Assessment of biological activated carbon treatment to control membrane fouling in reverse osmosis of secondary effluent for reuse in irrigation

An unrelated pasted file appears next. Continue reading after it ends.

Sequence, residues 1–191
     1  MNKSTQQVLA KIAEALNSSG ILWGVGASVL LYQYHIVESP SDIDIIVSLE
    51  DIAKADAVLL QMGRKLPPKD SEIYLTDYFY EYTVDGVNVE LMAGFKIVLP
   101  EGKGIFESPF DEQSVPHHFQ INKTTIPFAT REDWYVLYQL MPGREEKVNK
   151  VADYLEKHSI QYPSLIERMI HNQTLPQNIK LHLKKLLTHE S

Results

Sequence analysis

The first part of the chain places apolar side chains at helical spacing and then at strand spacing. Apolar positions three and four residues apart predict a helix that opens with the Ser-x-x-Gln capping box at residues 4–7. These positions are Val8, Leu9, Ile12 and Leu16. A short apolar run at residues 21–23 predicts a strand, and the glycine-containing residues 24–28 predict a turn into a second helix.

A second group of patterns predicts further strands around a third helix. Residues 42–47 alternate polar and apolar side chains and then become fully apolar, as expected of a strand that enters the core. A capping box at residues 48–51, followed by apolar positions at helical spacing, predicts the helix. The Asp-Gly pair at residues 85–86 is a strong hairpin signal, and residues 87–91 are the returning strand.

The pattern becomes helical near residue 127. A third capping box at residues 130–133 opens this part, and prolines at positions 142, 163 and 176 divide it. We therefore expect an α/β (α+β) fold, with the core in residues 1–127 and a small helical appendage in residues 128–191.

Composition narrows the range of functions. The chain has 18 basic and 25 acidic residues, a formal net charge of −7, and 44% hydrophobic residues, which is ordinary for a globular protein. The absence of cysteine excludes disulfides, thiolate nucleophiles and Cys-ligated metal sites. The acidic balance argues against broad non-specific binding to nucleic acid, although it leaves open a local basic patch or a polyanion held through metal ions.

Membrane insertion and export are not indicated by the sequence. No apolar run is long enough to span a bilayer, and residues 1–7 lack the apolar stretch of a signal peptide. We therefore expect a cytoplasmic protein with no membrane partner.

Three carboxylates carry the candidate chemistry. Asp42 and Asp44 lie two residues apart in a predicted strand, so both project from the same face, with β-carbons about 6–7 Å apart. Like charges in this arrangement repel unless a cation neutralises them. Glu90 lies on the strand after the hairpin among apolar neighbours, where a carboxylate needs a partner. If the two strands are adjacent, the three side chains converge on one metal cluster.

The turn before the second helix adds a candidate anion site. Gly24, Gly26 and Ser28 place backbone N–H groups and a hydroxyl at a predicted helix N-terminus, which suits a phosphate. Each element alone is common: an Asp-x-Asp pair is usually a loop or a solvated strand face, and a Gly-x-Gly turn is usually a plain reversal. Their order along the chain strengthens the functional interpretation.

Biologically treated secondary effluent (BTSE) is being used increasingly as a source of water for irrigation purposes. Biological activated carbon (BAC) was investigated as a pre-treatment to reduce the organic fouling and biofouling potential of reverse osmosis (RO) membranes for the desalination of a moderately saline BTSE to be used for agricultural purposes. The BAC reduced the organic content through biodegradation by the microorganisms and adsorption by the activated carbon, and subsequent microfiltration (0.1 μm PVDF) further reduced the organic content and thus fouling of the RO membrane. The BAC treatment was shown to effectively reduce the biodegradable dissolved organic carbon and assimilable organic carbon contents, and the bacterial regrowth potential, thus confirming its potential for mitigating biofouling of the RO membrane. The improved RO performance demonstrated that this process was effective for reducing the fouling propensity of the BTSE to enable its sustainable application for producing an effluent with a high reuse potential for irrigation purposes. The RO permeate can then be blended with untreated water to produce a product with a suitable inorganic content for irrigation.